vHive, which develops cloud-based software that manages autonomous drone fleets, previewed its new software at the DJI AirWorks conference in Denver, Colorado. In essence, the service provides air-traffic management software for multi-drone operations. This is a field that tech giants such as Google and Nokia are involved in, as well, in attempts to establish and refine cohesive systems to safely regulate fleets of drones operating at the same time. In simpler terms, as vHive itself puts it: “Manage a fleet, not a flight.”
According to vHive’s website, some of the key industries that vHive attracts are rooted in civil engineering and construction, utilities and infrastructure, and industrial inspection. We’ve recently seen companies such as Measure, and its foray into similar territory, with its drone-based wind-farm inspections, boosting productivity significantly. This new industry is based on appealing to businesses and their desire to maximize profits with the modern tool of UAVs.
“vHive’s new release further expands its capabilities as a true enterprise drone solution: Scalable, safe and efficient. A growing number of industries are adopting drones as important work tools, but are discovering that it is difficult to scale operations,” vHive’s CEO Yariv Geller said in a press release, vHive’s technology is first to solve the complexity of planning and executing multi-drone missions of any size or shape, enabling them to complete, faster and cheaper. Organizations are finding that by merely adding a second drone to a mission they can halve their precious time in the field.”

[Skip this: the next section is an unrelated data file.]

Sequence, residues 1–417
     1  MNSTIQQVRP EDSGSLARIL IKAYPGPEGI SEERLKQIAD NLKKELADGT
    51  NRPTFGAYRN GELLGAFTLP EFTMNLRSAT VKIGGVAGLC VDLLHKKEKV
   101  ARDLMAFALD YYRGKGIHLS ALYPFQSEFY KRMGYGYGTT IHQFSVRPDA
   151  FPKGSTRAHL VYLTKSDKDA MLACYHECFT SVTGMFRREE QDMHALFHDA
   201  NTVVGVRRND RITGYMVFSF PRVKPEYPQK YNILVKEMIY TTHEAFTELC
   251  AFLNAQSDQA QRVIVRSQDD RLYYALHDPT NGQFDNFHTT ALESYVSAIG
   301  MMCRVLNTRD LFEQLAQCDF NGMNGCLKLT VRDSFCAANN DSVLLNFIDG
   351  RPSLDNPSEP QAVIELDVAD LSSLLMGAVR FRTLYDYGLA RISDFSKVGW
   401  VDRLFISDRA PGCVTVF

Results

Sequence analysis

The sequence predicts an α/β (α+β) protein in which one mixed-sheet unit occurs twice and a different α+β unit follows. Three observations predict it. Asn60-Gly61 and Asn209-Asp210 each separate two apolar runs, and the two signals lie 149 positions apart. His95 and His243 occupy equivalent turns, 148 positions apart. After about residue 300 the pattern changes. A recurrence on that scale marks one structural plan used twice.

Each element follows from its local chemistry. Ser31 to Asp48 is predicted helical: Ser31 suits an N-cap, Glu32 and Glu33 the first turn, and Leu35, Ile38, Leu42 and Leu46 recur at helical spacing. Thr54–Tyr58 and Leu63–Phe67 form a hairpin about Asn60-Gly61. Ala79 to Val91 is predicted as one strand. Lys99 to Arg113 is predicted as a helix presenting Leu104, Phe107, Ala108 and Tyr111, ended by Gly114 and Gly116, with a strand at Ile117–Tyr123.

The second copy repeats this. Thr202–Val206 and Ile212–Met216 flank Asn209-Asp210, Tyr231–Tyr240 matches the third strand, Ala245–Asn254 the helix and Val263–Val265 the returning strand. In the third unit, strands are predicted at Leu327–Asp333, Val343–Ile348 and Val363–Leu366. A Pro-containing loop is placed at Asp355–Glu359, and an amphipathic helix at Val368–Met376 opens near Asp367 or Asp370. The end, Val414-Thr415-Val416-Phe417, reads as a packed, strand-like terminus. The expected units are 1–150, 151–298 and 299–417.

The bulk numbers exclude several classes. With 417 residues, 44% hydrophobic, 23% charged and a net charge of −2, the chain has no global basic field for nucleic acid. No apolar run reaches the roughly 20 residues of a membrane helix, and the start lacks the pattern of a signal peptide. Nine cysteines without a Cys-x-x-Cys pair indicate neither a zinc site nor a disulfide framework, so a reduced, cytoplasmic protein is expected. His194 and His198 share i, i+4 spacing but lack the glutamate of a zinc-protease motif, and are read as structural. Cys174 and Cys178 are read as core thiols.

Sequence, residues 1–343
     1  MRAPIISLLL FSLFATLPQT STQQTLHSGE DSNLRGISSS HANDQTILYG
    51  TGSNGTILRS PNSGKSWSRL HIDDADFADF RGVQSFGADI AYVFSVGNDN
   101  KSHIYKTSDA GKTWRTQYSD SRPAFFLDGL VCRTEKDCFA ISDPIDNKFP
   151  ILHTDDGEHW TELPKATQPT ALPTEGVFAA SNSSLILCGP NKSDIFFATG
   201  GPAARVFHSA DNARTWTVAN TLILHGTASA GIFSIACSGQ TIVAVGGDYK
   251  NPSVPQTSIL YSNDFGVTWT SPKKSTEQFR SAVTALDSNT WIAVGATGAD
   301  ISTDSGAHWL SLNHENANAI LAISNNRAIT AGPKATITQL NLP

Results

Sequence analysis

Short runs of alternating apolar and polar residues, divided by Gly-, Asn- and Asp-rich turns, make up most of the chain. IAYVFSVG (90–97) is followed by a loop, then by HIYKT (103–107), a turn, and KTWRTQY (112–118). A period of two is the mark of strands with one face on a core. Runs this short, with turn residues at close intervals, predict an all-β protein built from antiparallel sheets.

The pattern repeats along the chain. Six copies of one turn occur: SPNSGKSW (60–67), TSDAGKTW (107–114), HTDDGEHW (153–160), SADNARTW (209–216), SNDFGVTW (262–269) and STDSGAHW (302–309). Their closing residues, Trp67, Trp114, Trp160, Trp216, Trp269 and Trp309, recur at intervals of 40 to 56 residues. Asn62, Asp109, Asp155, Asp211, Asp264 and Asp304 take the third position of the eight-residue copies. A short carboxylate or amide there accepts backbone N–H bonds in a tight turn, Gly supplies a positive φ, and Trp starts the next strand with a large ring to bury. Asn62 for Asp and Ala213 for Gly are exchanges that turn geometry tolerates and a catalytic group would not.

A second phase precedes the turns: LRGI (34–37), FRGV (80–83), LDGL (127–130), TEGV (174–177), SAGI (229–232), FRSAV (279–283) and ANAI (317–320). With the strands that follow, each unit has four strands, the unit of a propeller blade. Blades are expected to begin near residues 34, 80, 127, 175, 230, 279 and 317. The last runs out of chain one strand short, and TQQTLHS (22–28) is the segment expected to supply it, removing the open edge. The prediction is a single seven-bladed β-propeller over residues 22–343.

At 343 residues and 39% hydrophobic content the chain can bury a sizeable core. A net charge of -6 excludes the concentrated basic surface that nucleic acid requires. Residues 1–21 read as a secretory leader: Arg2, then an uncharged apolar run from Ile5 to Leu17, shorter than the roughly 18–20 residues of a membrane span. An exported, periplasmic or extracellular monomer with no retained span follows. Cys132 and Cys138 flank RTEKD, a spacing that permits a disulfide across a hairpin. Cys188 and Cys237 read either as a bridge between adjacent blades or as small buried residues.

It’s been known to those paying attention that implementing UAVs into the aforementioned fields is a plain and clear step toward saving time and increasing efficiency. Besides being affordable, drones can cover vast amounts of territory far more rapidly than a traditional crew of employees can on foot. It’s simple math, and nothing too surprising. What is exciting, though, is the allusion to its new software release being capable of AI-related learning. No wonder they’re calling this vHive Mission AI.
“The system continuously evaluates the goal of the mission as outlined by the user and the drones available and their capabilities while satisfying a variety of mission constraints such as safety, regulation, environmental as well as real-time missions, to deliver the most effective mission performance,” said the company’s CTO, Tomer Daniel, explaining, “vHive’s missions are not pre-scripted but rather adapt to the ongoing dynamics of the field bringing true collaboration between participating drones.”
vHive was founded in 2016 and was the first company to implement artificial intelligence into drone-fleet management. Stay tuned as we watch vHive’s drone-fleet management system spread into more industries over time, or ferociously compete with other air-traffic management systems in the field.